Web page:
“This is about taking back the monies insurers have taken from you for procedures and materials that the repair required, that you the repairers have provided, that the consumer received, and that the insurer has failed to pay for,” said Eaves. “That is considered “Unjust Enrichment” for the insurers, and our legal team is going to help participating shops get back the monies they were deprived of.”

Cathy Mills, Executive Director of the Florida Autobody Collision Alliance (FACA) announced during the meeting that FACA was in full support of efforts to stop PartsTrader.

Barrett Smith of Auto Damage Experts (ADE), who was on hand to start the meeting, stated: “There has never been a better time for repairers to step up and collectively be represented and to stop the abuses that they face every day throughout the collision repair industry. Repairers must ask themselves: If not now, when?”

SCRS Issues Position on Insurer Mandates of Vendors and Processes

The Society of Collision Repair Specialists (SCRS) has issued a position statement regarding insurer mandates. The position statement is as follows:

In representation of collision repair businesses across the United States, The Society of Collision Repair Specialists (SCRS) takes exception to business mandates that property and casualty insurers impose upon collision repair businesses; particularly those that specify required vendors, business platforms or internal processes that must be followed in order to be included in, or avoid being excluded from, certain lines of work. As an example, insurer mandates surrounding parts procurement platforms may inhibit independent collision repair businesses from utilizing parts vendors with whom they have an existing relationship, providing insurers with greater influence and control over the parts supply chain.

SCRS believes this control falls outside of the scope of the insurance business. Some insurers are stipulating agreement to these terms, as a condition of being recognized in Direct Repair Programs (DRP). SCRS supports efforts that rightfully seek to eliminate such intrusion into the collision repair business, and enforcement of existing laws, regulations and codes that currently prohibit such actions. It is the opinion of SCRS that voluntary agreements cannot include stipulations which violate existing laws, rules and regulations. SCRS believes that collision businesses are capable of establishing successful vendor relationships and internal processes that will best accommodate the needs of the consumer, and that service providers will continue to respond to the market with increasingly creative solutions that drive performance for their customers and the respective market entities. We believe that solutions with tangible value propositions will be utilized and supported by the marketplace without the undue influence of insurer mandate.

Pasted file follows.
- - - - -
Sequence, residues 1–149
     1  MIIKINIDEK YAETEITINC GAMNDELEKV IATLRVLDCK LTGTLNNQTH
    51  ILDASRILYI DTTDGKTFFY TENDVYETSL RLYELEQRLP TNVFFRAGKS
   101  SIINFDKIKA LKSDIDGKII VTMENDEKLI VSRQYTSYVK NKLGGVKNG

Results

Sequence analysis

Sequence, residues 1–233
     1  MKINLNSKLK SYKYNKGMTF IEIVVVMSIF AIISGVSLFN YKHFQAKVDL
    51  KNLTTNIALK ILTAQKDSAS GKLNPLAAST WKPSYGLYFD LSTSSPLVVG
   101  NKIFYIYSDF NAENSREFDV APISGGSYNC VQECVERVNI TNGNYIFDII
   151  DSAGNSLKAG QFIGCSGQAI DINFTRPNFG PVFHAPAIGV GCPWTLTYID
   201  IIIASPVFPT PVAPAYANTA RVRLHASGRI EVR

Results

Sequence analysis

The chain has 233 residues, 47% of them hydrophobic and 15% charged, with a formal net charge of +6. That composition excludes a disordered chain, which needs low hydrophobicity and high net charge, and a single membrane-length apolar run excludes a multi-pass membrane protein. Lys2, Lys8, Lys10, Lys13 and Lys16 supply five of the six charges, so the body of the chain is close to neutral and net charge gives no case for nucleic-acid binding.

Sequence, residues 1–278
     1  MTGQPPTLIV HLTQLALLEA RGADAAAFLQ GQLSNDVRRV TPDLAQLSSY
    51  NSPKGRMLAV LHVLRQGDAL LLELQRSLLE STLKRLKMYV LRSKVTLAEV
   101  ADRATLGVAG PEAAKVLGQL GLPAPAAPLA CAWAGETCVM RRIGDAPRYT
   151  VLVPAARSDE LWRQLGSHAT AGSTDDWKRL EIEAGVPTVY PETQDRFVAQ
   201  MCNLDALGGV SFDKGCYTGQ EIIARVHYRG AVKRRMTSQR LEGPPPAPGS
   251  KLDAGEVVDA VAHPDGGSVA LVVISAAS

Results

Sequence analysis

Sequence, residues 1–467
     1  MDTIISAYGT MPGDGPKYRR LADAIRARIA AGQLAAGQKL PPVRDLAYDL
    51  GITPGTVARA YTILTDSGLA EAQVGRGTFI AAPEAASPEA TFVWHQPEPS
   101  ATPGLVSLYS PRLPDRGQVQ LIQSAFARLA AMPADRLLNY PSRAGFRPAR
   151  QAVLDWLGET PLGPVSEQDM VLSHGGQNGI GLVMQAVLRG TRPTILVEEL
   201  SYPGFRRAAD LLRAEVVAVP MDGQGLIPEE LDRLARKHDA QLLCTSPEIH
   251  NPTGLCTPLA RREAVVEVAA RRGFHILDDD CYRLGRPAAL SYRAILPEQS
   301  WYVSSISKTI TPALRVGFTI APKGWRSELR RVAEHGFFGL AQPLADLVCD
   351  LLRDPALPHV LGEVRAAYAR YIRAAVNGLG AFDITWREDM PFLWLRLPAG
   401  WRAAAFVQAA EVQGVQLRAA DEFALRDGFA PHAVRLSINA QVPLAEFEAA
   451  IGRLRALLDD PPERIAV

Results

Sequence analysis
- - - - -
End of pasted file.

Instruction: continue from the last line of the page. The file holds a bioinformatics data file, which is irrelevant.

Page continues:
As an example of the concerns addressed by the position statement, SCRS used the elimination of the “fax-only” option in the PartsTrader electronic ordering system that State Farm’s Select Service repair facility participants are required to use. The elimination of the fax-only option effectively requires suppliers to fully participate in the electronic parts marketplace or lose business from Select Service repair shops.

According to the press release announcing the new position statement, SCRS explained, “The rules of the game are changing and it is apparent that maintaining the relationships and negotiated deals of participating repair facilities is only a priority, so long as all involved submit to do business in the manner prescribed by State Farm Insurance, and other carriers with similar programs. Today these mandates address parts sourcing and ordering, but there is valid concern that they open the door to future market manipulation and influence over other similarly critical collision businesses purchasing habits as well.”

PCI Special Report on Aftermarket Parts

In a January 2013 study from the Property Casualty Insurers of America (PCI), their own research shows that if Aftermarket parts were banned, this would result in a $24.00 overall increase in premium prices per insured car per year.

Excerpted from the report:

This PCI Special Report provides an update of the estimated cost impact resulting from the banning of aftermarket parts.

  • If non-OEM competitive replacement parts are no longer used, this may result in an additional $2.34 billion in insurance costs per year that could be passed on to drivers in the form of higher premiums.
  • The insurance premium reflecting vehicle damage coverages may increase by about 4.2 percent more per insured car. This translates into a 2.6 percent increase in the combined liability and physical damage premium per insured car if non-OEM parts could no longer be used. On average, this means about $24 added to the overall premium per insured car each year.

Is the friction, the argument and the concern over using aftermarket parts really worth $24.00 per year per insured vehicle?

Read the full PCI Special Report (PDF download)